Prospective employees tend to spend time on potential employers’ websites and social media channels to try and get to know the companies they may want to work for. Talk about your efforts to build a safer and healthier work environment and the results you’ve achieved. Even better – use existing employee testimonials to add social proof to your content.

Take advantage of recruitment events

Perhaps your company attends job fairs and other recruitment events. These events offer excellent opportunities to meet potential employees face-to-face and highlight your commitment to offering a comfortable, safe, and supportive work environment.

Take a look at your recruitment process today to identify opportunities for your business.

Using Technologies for Improving Workplace Safety

Technology has changed the way we run our professional and personal lives, so it’s unsurprising that it’s also had an impact on workplace safety.

Think about how your company can utilize technology to create safer work environments. The answer once again depends on the nature of your business and the potential issues you identified at the beginning of the process.

For example, if physical safety and potentially violent incidents are among your main concerns, limiting access to the business or certain areas of the company will help. Issuing employees and visitors with badges programmed to limit the locations they can enter is a big step toward creating safer work environments. Well-known measures like CCTV cameras also contribute to increasing the safety of your employees.

If you have employees who work alone, either on or off your premises, consider giving them access to wearable technology such as panic buttons. These portable personal alarms are essential in case of an emergency. They send the user’s exact location to security personnel, minimizing any delays in getting help. Panic buttons can be effective when an employee in your team detects any kind of threat.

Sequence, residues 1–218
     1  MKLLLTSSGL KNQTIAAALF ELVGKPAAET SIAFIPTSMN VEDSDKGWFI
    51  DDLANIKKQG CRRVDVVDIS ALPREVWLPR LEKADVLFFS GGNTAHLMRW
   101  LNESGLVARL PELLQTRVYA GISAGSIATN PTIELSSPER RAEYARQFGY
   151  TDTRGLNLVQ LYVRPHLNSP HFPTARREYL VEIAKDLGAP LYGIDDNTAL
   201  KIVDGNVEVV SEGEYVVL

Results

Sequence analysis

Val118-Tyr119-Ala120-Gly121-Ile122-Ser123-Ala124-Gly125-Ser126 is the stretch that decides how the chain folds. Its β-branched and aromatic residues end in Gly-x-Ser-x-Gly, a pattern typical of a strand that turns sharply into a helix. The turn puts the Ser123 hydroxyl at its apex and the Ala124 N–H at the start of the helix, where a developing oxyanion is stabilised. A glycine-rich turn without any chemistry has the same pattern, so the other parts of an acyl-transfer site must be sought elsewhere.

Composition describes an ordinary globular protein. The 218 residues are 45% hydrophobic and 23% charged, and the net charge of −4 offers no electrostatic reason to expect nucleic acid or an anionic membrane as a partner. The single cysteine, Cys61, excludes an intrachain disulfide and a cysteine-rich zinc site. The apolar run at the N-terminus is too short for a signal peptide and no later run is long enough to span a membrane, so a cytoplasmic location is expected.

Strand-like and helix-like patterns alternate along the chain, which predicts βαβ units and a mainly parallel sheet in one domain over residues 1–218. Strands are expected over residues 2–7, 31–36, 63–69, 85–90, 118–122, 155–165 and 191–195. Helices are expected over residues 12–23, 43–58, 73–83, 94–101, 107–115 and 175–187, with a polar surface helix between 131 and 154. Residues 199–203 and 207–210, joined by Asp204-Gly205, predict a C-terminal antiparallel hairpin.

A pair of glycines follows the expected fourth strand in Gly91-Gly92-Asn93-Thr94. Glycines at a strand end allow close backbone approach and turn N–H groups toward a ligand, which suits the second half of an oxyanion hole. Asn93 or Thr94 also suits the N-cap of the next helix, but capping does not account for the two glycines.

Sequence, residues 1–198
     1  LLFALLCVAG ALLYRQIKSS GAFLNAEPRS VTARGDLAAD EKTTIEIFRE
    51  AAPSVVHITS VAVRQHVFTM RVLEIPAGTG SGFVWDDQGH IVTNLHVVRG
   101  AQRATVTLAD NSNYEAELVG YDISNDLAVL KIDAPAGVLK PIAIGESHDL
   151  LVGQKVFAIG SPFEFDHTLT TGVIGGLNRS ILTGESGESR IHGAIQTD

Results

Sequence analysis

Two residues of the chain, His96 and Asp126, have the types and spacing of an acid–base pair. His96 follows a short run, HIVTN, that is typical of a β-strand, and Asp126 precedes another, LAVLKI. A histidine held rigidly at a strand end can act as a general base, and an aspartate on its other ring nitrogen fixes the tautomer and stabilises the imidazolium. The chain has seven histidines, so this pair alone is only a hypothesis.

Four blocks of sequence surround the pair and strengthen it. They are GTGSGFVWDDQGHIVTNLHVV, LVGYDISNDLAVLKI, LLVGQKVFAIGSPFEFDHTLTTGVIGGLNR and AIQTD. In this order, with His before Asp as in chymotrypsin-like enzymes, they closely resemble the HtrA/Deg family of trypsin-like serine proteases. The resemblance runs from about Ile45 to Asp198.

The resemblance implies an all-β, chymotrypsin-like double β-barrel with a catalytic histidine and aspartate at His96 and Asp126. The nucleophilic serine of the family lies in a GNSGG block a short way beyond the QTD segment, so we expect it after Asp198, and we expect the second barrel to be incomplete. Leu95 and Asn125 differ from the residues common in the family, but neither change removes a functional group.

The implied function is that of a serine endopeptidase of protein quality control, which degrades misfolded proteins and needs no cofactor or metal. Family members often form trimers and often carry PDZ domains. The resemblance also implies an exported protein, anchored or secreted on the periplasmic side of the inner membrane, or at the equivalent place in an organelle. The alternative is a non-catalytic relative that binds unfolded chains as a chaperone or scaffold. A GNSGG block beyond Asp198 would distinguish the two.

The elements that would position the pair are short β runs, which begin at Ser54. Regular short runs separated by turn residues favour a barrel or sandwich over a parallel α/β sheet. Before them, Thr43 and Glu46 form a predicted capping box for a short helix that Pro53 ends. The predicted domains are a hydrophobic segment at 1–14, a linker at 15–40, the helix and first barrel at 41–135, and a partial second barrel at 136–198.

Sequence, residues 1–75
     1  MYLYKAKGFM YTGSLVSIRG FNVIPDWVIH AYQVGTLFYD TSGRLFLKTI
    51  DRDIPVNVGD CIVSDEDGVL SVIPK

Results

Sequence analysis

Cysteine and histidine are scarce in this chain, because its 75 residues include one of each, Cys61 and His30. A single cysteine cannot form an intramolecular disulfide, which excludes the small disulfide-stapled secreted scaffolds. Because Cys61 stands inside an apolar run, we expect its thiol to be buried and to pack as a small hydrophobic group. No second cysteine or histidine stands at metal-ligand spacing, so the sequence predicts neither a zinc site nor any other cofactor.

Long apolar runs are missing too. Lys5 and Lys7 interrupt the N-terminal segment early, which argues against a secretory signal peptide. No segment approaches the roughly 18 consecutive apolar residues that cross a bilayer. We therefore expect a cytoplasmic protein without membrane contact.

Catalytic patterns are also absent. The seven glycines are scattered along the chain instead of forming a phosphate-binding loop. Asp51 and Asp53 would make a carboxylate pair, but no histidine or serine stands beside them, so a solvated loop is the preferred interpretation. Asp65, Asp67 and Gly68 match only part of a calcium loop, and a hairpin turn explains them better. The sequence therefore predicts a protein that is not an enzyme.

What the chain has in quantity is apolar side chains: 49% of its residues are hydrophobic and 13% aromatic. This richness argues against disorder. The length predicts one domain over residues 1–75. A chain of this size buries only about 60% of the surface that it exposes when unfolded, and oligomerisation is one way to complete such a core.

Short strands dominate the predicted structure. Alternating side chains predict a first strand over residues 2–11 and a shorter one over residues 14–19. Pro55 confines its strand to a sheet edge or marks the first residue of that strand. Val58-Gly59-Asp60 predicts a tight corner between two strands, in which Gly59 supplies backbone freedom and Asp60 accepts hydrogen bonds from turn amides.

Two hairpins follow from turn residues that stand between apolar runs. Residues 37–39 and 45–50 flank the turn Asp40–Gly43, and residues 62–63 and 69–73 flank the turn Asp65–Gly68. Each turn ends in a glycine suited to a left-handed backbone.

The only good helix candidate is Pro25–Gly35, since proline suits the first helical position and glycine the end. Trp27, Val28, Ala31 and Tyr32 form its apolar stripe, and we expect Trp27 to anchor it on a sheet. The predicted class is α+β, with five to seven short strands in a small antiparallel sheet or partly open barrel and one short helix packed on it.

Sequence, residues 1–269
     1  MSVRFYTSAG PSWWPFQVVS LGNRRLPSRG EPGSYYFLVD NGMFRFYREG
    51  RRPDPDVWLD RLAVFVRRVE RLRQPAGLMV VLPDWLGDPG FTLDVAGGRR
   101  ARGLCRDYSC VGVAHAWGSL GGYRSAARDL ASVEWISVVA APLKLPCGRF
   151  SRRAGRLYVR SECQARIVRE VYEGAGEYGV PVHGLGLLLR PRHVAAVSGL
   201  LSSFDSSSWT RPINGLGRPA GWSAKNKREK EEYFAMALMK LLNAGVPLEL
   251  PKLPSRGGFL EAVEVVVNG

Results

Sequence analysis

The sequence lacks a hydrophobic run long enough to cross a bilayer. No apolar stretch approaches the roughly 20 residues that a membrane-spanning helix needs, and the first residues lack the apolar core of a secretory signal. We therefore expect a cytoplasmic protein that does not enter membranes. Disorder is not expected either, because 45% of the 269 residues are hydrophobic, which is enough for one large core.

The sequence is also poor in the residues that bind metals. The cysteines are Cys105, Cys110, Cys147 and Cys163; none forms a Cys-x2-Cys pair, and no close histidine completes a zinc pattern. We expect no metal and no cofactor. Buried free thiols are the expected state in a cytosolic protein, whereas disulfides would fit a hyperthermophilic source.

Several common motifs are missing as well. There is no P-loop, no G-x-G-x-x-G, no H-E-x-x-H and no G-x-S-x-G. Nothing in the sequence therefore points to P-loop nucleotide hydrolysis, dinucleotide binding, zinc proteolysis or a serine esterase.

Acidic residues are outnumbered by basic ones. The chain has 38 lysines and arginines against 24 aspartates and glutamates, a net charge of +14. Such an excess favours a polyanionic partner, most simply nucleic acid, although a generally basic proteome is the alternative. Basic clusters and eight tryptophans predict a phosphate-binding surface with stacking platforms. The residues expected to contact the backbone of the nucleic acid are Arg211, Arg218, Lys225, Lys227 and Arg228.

Leveraging Safety Certifications and Accreditations

Are potential employees aware of the work your business is doing to create a safer environment for them? Aside from the communications channels we mentioned above, leveraging safety-related certifications can also be an effective tactic to highlight your activities and your commitment.

Organizations like to Occupational Safety and Health Administration (OSHA) offer certification programs that allow you to demonstrate your commitment to workplace safety. OSHA’s Safety and Health Fundamentals certificate is an in-depth training program available for the general industry as well as customized to the construction and maritime sectors.

These courses cover health and safety standards, health management, and incident investigation, among other topics. Becoming certified and ensuring certifications are clearly visible on your recruitment materials allows you to leverage your commitment.